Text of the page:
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Shire eyes independent heritage list

Eighteen Wagin properties could soon be first inclusions on the Shire of Wagin’s own heritage list, as an appointed committee is scheduled to meet on November 7.

The Shire adopted the motion to form the Heritage Committee at its last council meeting on September 18, which could pave the way for the Shire of Wagin to independently heritage-list properties.

The Former Town Hall is also on the proposed heritage list.The Former Town Hall is also on the proposed heritage list.
Camera IconThe Former Town Hall is also on the proposed heritage list.

This legislation falls in line with a new State legislation also passed on September 18, the Heritage Bill 2017, repealing the Heritage of Western Australia Act 1990 and establishes a new constitution for the Heritage Council of WA.

Owners of properties included on the Shire of Wagin’s heritage list would have to first seek both the council’s development approval and Heritage Council of WA’s approval before making changes to their property.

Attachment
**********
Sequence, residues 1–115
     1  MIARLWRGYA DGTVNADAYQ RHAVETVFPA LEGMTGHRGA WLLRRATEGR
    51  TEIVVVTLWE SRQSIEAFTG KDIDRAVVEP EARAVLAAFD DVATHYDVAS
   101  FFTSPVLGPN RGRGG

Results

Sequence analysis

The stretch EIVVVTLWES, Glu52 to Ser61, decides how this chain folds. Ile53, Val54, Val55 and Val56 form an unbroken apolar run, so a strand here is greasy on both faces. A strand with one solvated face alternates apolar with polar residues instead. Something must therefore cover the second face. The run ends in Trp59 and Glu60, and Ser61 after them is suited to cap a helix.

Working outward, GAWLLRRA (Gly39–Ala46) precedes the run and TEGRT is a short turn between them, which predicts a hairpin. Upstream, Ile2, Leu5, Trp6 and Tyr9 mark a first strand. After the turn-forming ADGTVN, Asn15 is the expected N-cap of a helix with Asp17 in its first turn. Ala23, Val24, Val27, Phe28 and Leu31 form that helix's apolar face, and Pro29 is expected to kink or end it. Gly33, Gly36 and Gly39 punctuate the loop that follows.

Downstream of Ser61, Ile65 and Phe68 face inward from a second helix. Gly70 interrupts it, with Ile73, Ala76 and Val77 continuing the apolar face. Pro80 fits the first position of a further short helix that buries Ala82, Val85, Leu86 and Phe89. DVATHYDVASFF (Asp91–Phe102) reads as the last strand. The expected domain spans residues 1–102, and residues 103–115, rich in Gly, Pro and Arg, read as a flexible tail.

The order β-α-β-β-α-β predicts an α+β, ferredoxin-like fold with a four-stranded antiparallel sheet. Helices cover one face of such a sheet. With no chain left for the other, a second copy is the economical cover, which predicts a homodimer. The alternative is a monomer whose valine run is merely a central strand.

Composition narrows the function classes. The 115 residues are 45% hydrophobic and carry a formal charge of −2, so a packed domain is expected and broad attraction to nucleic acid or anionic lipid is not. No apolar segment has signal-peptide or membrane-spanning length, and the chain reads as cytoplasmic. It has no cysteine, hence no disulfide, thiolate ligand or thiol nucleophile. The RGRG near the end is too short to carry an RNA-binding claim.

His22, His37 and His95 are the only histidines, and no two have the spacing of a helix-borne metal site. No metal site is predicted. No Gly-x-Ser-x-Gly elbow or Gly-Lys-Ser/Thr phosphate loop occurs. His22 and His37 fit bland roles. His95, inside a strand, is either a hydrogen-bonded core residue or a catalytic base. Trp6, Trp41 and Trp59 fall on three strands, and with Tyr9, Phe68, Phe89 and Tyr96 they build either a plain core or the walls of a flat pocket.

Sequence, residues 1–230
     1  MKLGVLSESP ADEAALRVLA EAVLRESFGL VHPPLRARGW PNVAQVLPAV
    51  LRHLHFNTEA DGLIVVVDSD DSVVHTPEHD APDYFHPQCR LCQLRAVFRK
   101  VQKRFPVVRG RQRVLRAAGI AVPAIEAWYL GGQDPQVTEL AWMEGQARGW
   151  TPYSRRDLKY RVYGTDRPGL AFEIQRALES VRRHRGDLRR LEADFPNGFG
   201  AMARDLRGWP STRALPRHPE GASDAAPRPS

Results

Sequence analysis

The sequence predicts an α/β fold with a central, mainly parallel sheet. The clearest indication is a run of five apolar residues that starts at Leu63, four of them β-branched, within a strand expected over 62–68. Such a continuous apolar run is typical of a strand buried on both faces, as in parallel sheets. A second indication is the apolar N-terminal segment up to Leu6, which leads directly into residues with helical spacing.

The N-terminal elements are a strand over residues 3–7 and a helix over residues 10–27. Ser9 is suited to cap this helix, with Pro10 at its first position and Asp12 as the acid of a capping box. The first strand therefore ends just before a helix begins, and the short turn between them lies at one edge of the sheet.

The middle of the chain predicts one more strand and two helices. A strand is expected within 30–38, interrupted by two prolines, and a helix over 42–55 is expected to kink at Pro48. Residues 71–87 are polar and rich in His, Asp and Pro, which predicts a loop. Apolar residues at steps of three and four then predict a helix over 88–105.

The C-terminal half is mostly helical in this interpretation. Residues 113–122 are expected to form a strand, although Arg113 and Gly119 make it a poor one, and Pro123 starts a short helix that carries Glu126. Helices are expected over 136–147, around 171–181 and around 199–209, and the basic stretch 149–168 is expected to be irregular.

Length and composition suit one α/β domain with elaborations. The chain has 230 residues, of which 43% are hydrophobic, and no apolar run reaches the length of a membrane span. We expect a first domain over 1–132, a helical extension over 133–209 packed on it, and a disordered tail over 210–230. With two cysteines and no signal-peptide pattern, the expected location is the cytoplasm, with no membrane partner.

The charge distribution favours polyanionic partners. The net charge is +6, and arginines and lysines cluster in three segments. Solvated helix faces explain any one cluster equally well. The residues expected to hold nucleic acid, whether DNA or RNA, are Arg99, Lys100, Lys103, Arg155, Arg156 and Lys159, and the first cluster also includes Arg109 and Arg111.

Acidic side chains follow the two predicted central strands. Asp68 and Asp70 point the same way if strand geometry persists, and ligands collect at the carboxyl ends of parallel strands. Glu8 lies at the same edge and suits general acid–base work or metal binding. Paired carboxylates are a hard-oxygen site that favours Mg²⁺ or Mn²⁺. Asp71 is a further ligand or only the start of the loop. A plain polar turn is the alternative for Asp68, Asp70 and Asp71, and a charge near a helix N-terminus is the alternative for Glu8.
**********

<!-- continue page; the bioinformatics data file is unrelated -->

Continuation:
Both the State and Wagin pieces of legislation aim to preserve buildings with significant historical significance in their respective jurisdictions.

The Court House is considered to have a high level of significance valued by the community.The Court House is considered to have a high level of significance valued by the community.
Camera IconThe Court House is considered to have a high level of significance valued by the community.

Shire of Wagin chief executive Peter Webster said having properties listed on an independent heritage list would do just that, while also being incorporated into the Shire’s town planning scheme.

“Wagin has got a lot of historical buildings, there is a heap of old federation-style homes here as well as what you see in the main street with the old hotels and town hall,” he said. “It’s trying to preserve that, that iconic old… buildings that we’ve got.

“We’ve lost a few over the years.”

One property, the old post office, on the proposed heritage list is called home by Gary Flint and his wife, who insist they have always maintained their house since buying it in 1993.

“We are both concerned that this (their home) is the only privately owned residence on the proposed heritage listing and that we maybe forced to maintain the building by a third party,” he said.

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